Common buckthorn leaves are very thin and lack a waxy cuticle, factors hypothesized to contribute to their significantly faster decomposition compared to native green ash leaves in Genesee Creek (Freund et al., 2013). Recently abscised buckthorn leaves have a relatively low C:N ratio (e.g., 19.6 - 20.6 for leaf litter collected in WI; Miller, 2010), largely due to high concentrations of nitrogen in the leaves (Knight et al., 2007; Heneghan et al., 2002, 2006). Buckthorn leaves also contain the secondary metabolite emodin (Seltzner and Eddy, 2003). Under some circumstances, secondary metabolites have been found to stimulate microbial activity (Hattenschwiler and Vitousek, 2000). However, they may also inhibit some microorganisms (Chapin et al, 2011); Therefore, it is uncertain whether emodin influences the decomposition rate of buckthorn leaves. The simple act of drying and rewetting the leaves substantially changed their palatability, as evidenced by the difference in consumption by amphipods in Experiment 1 and day 0 conditioning in Experiment 2 (Fig. 1A, B). The decline in consumption of buckthorn in our study after approximately 12 d of conditioning (Figs. 1B, 2) may be an artifact of their rapid decomposition. Buckthorn leaves in leaf packs conditioned for 16 or 18 d were mostly decomposed and those conditioned for 20 d were entirely unusable. Therefore, as the length of conditioning progressed, leaves that were least decomposed within the leaf pack became disproportionately represented in trials because they were the only ones to retain enough structural integrity to generate leaf disks. These leaves may have been more recalcitrant to decomposition than other leaves in the pack or simply more protected from biotic and abiotic factors in the stream due to their position in the leaf pack. In a field setting it is likely that buckthorn leaves would not be retained in the stream for more than 2 w unless they were trapped in the center of dense debris dams or were otherwise unusually resistant to decomposition.

In contrast to buckthorn leaves, the leaves of green ash are thicker, have a moderately waxy cuticle, and are characterized by a strong vein structure and greater overall structural integrity. While direct comparisons are unavailable, litter from green ash collected in Colorado had a C:N ratio of 36.1 and a lignin litter fraction of 9.5% (Gray et al., 2010). Similarly, litter of the related white ash (Fraxinus americana) collected in Kentucky had a C:N ratio of 58.0 and lignin fraction of 10.7% (Arthur et al., 2012), values that are substantially higher than those reported for buckthorn in Wisconsin (C:N = 19.6 - 20.6; lignin = 3.5-3.8%; Miller, 2010). These comparisons should be interpreted with caution given the influence of the timing and method of leaf collection and chemical analysis as well as regional and seasonal differences in leaf chemistry. In Experiment 2, once ash leaves were conditioned for at least a few days, consumption by amphipods appeared to depend more on the part of the leaf available in the disk (i.e., low versus high proportion of large veins; Fig. 3) than it did on days of conditioning. Future studies would benefit from standardization of the amount of venation in the leaves. Microbial decomposition and physical fractionation was much less evident for ash leaves in leaf packs, and most leaves were still largely intact after as much as 20 d of conditioning. In a more formal investigation of in-stream decomposition in Genesee Creek, leaf packs of green ash retained over 50% of their initial biomass over 84 d, whereas buckthorn leaf packs had lost over 50% of their biomass after only 21 d (Freund et al., 2013).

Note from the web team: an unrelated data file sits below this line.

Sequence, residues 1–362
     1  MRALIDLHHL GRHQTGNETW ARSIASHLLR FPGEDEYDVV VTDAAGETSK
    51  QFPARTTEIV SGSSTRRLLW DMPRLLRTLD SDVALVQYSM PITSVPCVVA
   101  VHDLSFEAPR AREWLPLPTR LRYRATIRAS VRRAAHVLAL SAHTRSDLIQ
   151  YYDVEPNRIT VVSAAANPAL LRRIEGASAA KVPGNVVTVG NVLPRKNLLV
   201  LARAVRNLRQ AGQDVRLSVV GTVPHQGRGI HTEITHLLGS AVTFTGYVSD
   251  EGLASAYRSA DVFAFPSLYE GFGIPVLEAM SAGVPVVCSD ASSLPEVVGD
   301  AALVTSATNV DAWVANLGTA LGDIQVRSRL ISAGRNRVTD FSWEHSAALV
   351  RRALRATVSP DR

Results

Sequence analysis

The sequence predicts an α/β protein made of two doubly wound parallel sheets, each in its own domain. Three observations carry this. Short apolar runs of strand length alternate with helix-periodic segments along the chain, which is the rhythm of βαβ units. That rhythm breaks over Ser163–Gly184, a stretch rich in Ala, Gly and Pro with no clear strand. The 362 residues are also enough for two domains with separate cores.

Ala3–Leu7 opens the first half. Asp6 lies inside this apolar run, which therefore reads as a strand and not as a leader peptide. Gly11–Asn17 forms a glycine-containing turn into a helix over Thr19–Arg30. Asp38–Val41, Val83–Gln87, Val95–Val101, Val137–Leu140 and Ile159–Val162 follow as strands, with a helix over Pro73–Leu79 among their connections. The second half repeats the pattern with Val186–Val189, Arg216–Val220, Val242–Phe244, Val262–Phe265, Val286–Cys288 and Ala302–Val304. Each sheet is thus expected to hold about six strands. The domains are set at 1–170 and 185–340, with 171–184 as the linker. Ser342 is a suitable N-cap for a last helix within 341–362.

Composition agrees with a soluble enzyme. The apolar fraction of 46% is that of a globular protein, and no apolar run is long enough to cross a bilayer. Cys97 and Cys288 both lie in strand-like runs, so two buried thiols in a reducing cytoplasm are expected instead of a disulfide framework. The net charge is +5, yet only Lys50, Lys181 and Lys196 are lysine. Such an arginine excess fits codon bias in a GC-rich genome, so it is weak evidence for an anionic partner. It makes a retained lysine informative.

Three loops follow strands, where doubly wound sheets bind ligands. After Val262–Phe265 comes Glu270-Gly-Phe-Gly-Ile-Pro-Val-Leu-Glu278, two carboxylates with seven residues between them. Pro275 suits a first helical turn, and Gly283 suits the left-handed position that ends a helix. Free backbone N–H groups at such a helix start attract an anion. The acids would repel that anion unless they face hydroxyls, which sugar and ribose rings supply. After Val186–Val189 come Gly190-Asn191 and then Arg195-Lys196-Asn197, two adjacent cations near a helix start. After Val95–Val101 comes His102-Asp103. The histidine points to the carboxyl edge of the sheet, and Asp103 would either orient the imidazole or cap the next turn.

Variation in the decomposition rate of leaves between these two species may have introduced an unintended variable because buckthorn leaves that were selected from the leaf packs to generate disks became less random as leaves decayed over longer conditioning times. We attempted to control for this variation by having the same person cut control and experimental disks for each day of conditioning for each species. By then comparing the area or mass consumed as a proportion of the median area or mass of the disks in the control group, we minimized intra-day variation in the level of decomposition and any experimenter bias for particular leaf types. However, some level of variability in the measured consumption between days of conditioning may have resulted from this approach. As noted above this is particularly likely to be true for buckthorn leaf packs stream-conditioned for 16 or 18 d.

With faster decomposition rates (Freund et al, 2013) and greater consumption by shredders, nutrients contained within buckthorn leaves are processed faster than ash leaves, changing the amount and timing of energy and nutrient input into the stream ecosystem. This is similar to patterns demonstrated with some other invasive riparian species (e.g., Moline and Poff, 2008; Arthur et al., 2012). The pattern we observed for buckthorn contrasts with the relatively steady flow of energy from green ash throughout the leaf fall period. Differences in how amphipods process the two leaf species are also likely to result in differences in the nature of converted organic material. With more complete consumption of buckthorn leaves (Fig. 3), the organic material in the leaf is generally converted to fine particulate organic matter (<1 mm) or dissolved organic matter, whereas the less complete consumption of green ash leaves should result in a higher proportion of coarse particulate organic matter (> 1 mm) being retained in the stream. The design of this experiment did not allow for assessment of amphipods' preferences for ash or buckthorn leaves, as each animal was presented with the leaves of only one species. However, the relative area or mass consumed at each level of stream conditioning should correlate with the amphipods' propensity to consume each species, as a function of both preference for and ability to eat the leaf disk. For leaves that had not been conditioned, the proportion of area consumed did not differ significantly between the two species (Fig. 1A). Following conditioning buckthorn was generally more completely consumed than ash (Fig. 3), with particularly substantial differences on conditioning days with the highest levels of consumption (i.e., days 6, 8, 10, 12; Table 1; Figs. 1B and 2). It is notable that only one ash disk out of 154 was completely consumed across all days of conditioning compared to 27 of 141 for buckthorn. Direct choice experiments will help to elucidate whether amphipods have actual preferences for leaves of buckthorn over ash.